Guess what. Madison was wrong.
Madison was also guilty of ironic foreshadowing, since he and Jefferson connived to create the first rebellious, elite-splitting faction in the US government, during the administration of John Adams.
The United States was bedeviled from its inception by the centripetal tendencies of its states and regions. Stability and a significant measure of unity was only achieved after eighty years of escalating confrontation, through the rather undemocratic means of a massive civil war and a ten year occupation of the south.
And guess what. You can blame Madison for that, too.
To me, the alpha and omega for Jefferson and Madison was southern privilege. They recognized early on that southern privilege was based on a rickety, limited foundation of slavery-based agriculture, which was increasingly at risk in a strong federal system as the nation grew and industrialized and decisively moved away from the southern model. If the constitution didn’t adequately support pretensions to southern political, economic, and social agency for the white crowd, it could go out the window.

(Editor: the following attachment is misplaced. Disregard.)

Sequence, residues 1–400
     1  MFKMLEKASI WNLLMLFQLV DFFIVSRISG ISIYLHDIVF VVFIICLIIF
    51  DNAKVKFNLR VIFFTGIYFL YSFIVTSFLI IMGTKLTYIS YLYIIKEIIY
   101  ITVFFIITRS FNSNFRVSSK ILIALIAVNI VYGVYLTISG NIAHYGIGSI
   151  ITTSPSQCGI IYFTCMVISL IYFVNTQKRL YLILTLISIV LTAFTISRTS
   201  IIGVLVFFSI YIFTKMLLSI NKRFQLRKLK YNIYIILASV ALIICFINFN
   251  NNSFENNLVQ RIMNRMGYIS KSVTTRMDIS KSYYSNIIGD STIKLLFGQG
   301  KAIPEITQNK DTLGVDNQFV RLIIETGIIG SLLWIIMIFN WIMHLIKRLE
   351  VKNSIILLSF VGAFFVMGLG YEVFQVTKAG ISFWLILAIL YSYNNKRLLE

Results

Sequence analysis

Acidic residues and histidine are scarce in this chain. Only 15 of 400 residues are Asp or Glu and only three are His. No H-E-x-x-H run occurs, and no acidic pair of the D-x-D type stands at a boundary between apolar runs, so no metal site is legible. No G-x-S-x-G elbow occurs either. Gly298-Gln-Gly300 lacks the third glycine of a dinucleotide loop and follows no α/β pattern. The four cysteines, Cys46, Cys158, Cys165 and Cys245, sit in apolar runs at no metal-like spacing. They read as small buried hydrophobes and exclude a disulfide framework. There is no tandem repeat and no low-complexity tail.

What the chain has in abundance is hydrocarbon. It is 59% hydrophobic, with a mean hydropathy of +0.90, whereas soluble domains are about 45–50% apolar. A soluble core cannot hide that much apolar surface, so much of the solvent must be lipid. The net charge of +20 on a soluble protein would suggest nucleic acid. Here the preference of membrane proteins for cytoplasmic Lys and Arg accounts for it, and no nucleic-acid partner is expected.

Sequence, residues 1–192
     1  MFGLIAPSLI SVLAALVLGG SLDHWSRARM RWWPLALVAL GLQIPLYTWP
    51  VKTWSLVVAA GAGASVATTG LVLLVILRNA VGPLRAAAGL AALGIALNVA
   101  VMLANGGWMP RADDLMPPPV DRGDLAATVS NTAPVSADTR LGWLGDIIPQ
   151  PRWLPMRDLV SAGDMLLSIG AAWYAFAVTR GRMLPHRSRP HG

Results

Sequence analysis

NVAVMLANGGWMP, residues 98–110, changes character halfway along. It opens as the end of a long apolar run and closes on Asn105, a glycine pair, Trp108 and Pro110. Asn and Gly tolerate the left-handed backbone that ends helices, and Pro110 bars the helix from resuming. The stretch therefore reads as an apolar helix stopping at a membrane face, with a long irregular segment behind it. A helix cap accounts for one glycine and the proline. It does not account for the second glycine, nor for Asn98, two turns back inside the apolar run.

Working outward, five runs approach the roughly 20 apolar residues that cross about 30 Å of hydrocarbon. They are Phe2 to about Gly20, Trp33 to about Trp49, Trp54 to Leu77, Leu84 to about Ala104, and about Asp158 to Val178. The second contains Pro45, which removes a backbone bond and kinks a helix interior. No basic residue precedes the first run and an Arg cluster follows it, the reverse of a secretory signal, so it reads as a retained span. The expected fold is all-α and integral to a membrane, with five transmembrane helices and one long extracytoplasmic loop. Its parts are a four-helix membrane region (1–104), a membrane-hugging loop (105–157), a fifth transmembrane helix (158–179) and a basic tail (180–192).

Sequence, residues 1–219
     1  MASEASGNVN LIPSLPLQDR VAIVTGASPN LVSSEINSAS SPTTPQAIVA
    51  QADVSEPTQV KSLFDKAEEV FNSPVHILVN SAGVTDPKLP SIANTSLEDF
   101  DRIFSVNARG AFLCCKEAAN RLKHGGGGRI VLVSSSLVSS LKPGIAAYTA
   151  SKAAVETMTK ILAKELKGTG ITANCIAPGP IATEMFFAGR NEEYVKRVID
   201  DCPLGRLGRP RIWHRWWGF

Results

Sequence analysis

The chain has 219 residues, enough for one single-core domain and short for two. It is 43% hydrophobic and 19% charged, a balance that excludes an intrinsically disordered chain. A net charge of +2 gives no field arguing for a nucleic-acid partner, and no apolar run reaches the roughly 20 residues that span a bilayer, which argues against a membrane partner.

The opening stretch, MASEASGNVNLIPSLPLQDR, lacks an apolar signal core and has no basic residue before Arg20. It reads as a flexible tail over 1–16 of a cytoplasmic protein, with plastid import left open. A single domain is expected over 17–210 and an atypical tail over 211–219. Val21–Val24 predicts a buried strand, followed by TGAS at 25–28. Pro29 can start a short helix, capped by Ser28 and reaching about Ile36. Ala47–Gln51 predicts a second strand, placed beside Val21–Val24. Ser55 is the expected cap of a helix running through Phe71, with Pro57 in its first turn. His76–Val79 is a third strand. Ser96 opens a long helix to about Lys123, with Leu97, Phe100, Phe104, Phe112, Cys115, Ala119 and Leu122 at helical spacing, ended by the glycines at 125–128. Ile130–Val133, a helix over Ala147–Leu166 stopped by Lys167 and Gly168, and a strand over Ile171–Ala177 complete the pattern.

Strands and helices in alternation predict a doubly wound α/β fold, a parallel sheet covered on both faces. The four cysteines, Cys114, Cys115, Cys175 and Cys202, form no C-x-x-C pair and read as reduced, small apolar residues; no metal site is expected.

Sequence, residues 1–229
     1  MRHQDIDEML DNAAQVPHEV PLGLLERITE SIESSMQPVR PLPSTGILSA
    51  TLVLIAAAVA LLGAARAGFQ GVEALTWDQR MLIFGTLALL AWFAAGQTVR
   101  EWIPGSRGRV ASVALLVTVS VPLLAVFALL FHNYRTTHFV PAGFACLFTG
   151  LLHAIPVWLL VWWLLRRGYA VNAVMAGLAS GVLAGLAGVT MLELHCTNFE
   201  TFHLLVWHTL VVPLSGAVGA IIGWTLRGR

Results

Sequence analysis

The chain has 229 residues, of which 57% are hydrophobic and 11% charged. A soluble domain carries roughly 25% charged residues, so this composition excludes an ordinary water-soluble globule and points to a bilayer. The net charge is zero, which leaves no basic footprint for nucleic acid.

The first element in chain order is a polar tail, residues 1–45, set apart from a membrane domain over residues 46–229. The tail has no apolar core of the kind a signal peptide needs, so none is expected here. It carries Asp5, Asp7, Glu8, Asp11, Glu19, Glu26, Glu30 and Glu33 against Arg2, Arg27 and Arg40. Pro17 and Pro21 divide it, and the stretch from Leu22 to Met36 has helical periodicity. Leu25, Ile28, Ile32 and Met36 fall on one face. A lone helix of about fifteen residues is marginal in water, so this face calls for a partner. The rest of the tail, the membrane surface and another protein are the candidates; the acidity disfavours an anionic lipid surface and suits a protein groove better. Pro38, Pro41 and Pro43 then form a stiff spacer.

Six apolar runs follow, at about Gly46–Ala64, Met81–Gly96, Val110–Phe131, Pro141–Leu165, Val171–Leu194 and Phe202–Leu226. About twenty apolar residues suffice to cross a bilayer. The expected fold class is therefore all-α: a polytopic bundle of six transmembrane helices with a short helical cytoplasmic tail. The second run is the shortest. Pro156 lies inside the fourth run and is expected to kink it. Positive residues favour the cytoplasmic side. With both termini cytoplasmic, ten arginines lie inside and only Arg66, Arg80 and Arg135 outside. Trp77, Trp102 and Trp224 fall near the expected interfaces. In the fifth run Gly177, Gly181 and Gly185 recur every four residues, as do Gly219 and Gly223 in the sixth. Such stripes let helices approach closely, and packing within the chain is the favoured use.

Jefferson and Madison pioneered the state nullification doctrine in their Kentucky and Virginia resolutions and initiated seventy years of efforts to maintain southern autonomy which culminated in the Civil War. After Hamilton shattered his Federalist faction with some unwise political maneuvers, Jefferson and Madison ruled the federal roost and the contradictions between the slave-owning priorities of the south and the rest of the union were papered over. Pro-Jeffersonian history usually excuses Jefferson and Madison’s transgressions on the grounds that their nullification and state’s rights doctrines embodied in the Resolutions were a desperate and limited riposte to the flagrantly partisan and unconstitutional Alien and Sedition Acts.
Not so fast. Secession, which I define as elite disloyalty combined with populist politics, a.k.a. the “mob and snob” revolutionary alliance, is as American as apple pie and suited the tastes of Jefferson and Madison.